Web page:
Review: Simon Stephen's poetic, passionate yet imperfect Carmen Disruption, Almeida Theatre

Review: The Glass Protege, Park Theatre studio

Alexander Hulme as Jackson and David Butler as Patrick
Alexander Hulme and David R Butler in The Glass Protege

This is the second play I've seen this year about being gay in 1940/50s Hollywood. And like Gods and Monster's at Southwark Playhouse, The Glass Protege explores the difficulties faced by gay men working in the film industry, an industry that turned a blind eye but only when it suited.

Patrick (David R Butler) has arrived from working in rep in Oxford to play second fiddle in a Hollywood film with hearthrob du jour Jackson (Alexander Hulme). There are all sorts of rumours floating around about Jackson's sexuality and a rather nasty gossip journalist (Mary Stewart) just waiting for the right evidence.

Our young British actor is fairly inexperienced in the ways of the world but when several of the characters tell him he'll soon lose his innocence under the corrupting influence of Hollywood's film industry his fate is sealed.

The central thread follows the story of Patrick and Jackson together with sassy actress Candice (Emily Loomes) who is playing the dumb beauty in the film. However, by way of a narrative device writer Dylan Costello has created a second plotline set in the 1980s when Patrick is a grumpy old man living with his son George (Stephen Connery-Brown). George's mail order bride Ava (Sheena May) has just arrived but he wants to hide the truth about her from his father and so has her play along as his new assistant.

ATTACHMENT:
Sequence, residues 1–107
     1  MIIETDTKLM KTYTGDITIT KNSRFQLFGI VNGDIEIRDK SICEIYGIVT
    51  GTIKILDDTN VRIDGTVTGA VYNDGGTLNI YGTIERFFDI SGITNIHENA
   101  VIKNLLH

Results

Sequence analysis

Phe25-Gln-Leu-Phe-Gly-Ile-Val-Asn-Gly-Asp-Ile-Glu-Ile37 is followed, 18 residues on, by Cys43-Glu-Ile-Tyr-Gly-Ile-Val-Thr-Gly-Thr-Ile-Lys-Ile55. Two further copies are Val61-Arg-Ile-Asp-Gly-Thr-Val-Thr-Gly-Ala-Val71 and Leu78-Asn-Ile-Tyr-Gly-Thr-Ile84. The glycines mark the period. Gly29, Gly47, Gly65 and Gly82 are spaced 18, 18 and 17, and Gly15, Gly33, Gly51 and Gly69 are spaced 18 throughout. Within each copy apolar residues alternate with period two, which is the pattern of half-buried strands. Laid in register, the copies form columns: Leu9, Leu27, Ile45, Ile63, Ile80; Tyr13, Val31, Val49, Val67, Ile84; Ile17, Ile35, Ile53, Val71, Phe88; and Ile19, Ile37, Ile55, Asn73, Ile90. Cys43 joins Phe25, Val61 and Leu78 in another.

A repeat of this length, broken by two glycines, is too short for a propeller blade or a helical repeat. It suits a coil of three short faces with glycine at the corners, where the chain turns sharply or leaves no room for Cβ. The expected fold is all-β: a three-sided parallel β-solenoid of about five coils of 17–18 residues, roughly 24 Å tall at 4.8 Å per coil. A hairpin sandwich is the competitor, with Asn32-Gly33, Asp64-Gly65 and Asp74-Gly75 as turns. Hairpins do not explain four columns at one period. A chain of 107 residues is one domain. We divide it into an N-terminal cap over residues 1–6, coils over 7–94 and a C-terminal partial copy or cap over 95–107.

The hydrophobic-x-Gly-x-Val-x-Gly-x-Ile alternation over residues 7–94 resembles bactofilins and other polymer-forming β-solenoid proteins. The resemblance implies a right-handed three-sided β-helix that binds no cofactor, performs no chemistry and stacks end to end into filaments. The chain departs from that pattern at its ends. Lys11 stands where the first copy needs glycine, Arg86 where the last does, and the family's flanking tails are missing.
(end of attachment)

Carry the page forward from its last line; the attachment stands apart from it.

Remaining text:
And this is where I have a problem with the play.  The whole George/Ava plot feels wholly unnecessary and George is actually a bit scary - he wants to keep Ava locked up in the house and is jealous of her even talking on the phone to other people. It doesn't add anything in fact it gets in the way.

Where the play is really interesting is in how it explores the social and sexual politics of Hollywood and how those that work in it manipulate and are manipulated for the good of some extra ticket sales. It is also a very human story about the costs of being entangled in the movie business; a business that is fickle and shallow, an industry than can raise people up to great heights and then brutally pull the rug out from under their feet and not even hang around long enough to see them fall.

The central performances by Butler and Hulme are key to this and they make for a convincing couple - I just would have like to have seen more of that rather than the household of the aging Patrick.

Like Gods and Monsters there is nudity and I'm not going to complain about getting to see a fine male physique in the buff but would it effect the story if they didn't strip off? Probably not. In fact it feels like you can't have a gay play unless at least one person gets their kit off these days.

If you enjoyed Gods and Monsters and want to see Hollywood from a slightly different perspective then definitely check this out.

The Glass Protege runs at the Park Theatre Studio 90 until May 9.